I mentioned previously that green tends to be deficient in their ability to kill creatures. I also mentioned that in a deck like this we don’t tend to care, given that our dudes will usually be the biggest at the table. This being said, it’s still useful to have some options for dealing with problem creatures, especially when they’re threatening a lethal strike, or else in the way of our own. Ulvenwald Tracker is an ideal option for this deck, using our big dudes to pick off things in our way. The fact that Tracker is so cheap and its ability is reusable will often force our opponents to need to deal with it.
Polukranos, World Eater is big, and when we activate its Monstrous ability it will become huge. With our focus on ramp, it’s not outside the realm of possibility that Polukranos could eat several creatures, or else wipe out a bunch of tokens trying to keep us out of the red zone.
Arbor Colossus is a more specialized answer, but oftentimes killing a big flying creature will be critical.
Beast Within is this deck’s catch-all for any permanent that causes problems. It’s also worth noting that Berserk can function as creature removal in a pinch, while also allowing Ghalta to punch through with lethal commander damage out of nowhere.
Our last four creatures are more specialized, and don’t clearly fit in any of the other categories.
Scavenging Ooze is our best option for dealing with graveyard-focused decks. Each creature Ooze eats also puts us one step closer to getting Ghalta into play.
While counterspells aren’t a huge concern for us, Prowling Serpopard is a perfect answer to them, and its 4 power for 3 mana makes it a worthy inclusion.
Wayward Swordtooth is functionally similar to Rhonas, offering us a cost reduction to Ghalta and a static ability. We shouldn’t have much trouble Ascending, and then Swordtooth can help us apply pressure.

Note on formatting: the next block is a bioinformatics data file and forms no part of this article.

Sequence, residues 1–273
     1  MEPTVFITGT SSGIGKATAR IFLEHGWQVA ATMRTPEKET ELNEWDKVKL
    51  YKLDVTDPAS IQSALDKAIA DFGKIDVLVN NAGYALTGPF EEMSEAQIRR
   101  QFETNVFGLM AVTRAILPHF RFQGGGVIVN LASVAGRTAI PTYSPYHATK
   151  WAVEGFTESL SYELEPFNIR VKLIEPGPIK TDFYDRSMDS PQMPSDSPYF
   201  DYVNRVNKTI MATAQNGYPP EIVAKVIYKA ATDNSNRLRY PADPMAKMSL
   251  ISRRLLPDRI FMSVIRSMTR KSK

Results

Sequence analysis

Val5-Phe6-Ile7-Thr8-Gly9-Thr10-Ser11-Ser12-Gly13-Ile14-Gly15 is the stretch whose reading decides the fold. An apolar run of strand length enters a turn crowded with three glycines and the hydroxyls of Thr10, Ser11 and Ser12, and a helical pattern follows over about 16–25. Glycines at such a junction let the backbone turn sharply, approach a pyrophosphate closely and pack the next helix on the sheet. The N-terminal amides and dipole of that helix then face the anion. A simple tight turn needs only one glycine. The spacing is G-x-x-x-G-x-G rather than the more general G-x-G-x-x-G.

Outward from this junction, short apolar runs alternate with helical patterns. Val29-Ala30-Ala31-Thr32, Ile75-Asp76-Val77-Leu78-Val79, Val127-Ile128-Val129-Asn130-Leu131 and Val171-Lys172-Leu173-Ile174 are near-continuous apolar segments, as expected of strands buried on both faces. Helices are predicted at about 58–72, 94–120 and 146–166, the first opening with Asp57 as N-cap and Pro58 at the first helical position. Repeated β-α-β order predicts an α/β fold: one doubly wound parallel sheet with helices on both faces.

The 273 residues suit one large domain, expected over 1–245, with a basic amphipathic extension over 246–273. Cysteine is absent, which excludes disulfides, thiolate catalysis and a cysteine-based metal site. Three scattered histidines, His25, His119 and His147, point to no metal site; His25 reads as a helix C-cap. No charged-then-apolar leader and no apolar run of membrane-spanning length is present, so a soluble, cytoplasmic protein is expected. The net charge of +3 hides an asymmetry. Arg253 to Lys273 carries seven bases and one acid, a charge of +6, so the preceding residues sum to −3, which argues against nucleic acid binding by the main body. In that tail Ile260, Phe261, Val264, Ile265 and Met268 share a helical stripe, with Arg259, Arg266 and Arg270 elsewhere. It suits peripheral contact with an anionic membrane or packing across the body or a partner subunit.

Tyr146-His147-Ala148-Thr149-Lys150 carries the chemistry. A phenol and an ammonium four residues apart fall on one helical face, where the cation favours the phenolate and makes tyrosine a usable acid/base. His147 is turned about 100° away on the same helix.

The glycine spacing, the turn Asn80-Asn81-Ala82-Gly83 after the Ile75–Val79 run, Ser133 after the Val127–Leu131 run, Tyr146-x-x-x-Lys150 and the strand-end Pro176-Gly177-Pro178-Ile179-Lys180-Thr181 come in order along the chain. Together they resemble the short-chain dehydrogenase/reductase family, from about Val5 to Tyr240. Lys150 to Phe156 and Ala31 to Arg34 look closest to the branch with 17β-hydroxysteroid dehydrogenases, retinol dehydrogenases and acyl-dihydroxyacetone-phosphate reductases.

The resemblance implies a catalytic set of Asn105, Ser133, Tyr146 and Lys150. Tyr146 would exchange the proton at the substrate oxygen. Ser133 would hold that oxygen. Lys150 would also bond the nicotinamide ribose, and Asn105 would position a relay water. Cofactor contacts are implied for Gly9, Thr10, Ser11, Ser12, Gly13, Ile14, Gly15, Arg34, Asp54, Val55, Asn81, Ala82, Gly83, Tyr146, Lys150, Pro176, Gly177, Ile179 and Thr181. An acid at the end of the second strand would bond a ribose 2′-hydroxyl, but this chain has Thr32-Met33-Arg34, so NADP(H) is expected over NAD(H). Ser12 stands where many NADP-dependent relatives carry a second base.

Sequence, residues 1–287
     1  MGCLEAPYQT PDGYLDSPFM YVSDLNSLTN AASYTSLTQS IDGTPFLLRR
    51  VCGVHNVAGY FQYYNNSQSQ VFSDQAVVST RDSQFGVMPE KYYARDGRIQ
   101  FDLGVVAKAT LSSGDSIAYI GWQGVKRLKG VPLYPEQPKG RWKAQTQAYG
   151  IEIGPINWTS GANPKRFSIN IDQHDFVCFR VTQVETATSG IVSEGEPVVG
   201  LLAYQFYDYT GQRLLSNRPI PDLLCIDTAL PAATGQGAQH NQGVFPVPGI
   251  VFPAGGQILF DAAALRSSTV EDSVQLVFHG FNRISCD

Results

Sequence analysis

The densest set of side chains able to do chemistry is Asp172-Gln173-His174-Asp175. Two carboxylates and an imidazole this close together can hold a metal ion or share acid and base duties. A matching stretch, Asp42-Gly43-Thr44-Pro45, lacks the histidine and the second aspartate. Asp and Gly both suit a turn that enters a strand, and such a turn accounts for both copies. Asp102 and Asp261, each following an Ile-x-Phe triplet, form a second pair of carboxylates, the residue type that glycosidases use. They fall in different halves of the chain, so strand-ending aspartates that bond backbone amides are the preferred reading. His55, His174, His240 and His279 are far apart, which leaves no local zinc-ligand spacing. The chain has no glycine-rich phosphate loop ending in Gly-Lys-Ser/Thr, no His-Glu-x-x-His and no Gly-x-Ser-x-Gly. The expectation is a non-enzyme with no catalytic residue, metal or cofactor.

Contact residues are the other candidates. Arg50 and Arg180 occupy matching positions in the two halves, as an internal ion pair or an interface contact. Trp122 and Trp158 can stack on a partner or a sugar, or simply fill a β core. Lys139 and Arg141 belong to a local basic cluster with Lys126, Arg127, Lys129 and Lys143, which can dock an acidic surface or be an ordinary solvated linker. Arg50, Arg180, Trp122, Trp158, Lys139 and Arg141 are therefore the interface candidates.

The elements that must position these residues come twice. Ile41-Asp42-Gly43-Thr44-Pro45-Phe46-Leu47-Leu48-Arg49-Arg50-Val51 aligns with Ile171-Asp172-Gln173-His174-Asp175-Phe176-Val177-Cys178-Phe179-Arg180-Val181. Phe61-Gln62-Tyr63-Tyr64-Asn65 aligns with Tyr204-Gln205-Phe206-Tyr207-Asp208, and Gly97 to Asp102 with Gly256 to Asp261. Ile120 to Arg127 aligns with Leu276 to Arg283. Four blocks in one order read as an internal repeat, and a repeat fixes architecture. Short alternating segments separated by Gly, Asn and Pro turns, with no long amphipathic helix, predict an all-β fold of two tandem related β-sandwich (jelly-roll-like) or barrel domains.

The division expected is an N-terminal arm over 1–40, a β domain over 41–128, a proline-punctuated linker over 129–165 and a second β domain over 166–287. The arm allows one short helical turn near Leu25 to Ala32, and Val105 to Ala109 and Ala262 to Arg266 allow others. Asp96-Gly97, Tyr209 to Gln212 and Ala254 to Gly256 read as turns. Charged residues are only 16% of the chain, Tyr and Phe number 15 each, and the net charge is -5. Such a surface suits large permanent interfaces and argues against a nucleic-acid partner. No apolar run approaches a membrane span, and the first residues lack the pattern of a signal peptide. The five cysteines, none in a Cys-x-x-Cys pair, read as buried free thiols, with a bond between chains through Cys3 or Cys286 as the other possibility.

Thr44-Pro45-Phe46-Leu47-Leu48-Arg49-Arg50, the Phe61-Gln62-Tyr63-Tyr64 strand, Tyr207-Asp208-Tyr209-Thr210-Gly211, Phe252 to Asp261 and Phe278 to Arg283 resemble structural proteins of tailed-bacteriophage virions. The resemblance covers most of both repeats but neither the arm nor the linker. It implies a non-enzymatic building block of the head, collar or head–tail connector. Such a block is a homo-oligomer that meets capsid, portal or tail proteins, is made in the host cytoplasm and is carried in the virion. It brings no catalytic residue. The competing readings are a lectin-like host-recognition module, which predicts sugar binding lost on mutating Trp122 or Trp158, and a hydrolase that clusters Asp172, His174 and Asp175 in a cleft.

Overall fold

Finally, Yeva, Nature’s Herald is a pet card of mine, and this is the perfect deck for her. She’ll let us pump out any of our big creatures during the end step so we can alpha strike next turn. The potential to ambush our opponents is good enough, but she also contributes 4 power to our cause.
Now that we’ve explored in detail the value our creatures bring to the table, it’s time to finally acknowledge the ramp package that will make this all a possibility.
Our ramp package is 17 pieces, 10 of which are creatures. I tried to focus primarily on creature-based ramp so as to contribute a little extra towards casting Ghalta, but the 7 noncreature ramp spells are included because I felt they offered too much value to be ignored.
I’m not going to go into too much detail here, primarily because most of the ramp in this deck is fairly standard. I would like to acknowledge Vernal Bloom as an option suggested by The Commander’s Brew. Unless there’s another mono-green deck at the table, Bloom should primarily benefit us, allowing us to break any symmetrical effects it offers.
Alongside Bloom, Boundless Realms and Zendikar Resurgent are our mana doublers. This deck will always have many things it wants to be casting, and doublers will help ensure that we can. Traverse the Outlands is an honorary doubler for this deck, given that it can net us 12 lands when Ghalta is on board.
There are two honorable mentions for the “Ramp” category. First is Green Sun’s Zenith. I mentioned previously that we want to always have a 1-drop ramp spell if possible. Counting Sol Ring and our mana dorks, we have five. With Dryad Arbor in our deck, Zenith is a sixth 1-drop ramp spell. The beauty of Zenith is that it scales, giving us an edge early game and finding us a surgical answer later on.
The second honorable mention is Nissa, Worldwaker. Like Nissa, Vital Force, Worldwaker has the ability to animate a land for Ghalta, but she can also untap four forests, putting her at a better rate than equivalently-costed spells like Gilded Lotus. It’s possible that Nissa isn’t necessary here, but I feel that this deck won’t be upset to have the extra ramp or body.
Like I mentioned last time, I will be addressing a couple of the cards that I feel could have made the cut, but didn’t for one reason or another. It’s probably obvious by now, but green has a very deep creature pool to draw from, and there are wide variety of options that could take a spot in this deck, should you like want to test something different. Here are a few of my favorite cards that didn’t make my final cut:
I hope you all enjoyed exploring Ghalta with me! This is one of the most unpopular commanders I’ve covered so far (only 89 decks on EDHREC!), and I’m hoping that I’ve inspired you all to give her a shot.
Until next time, I wish you all the best, and happy brewing!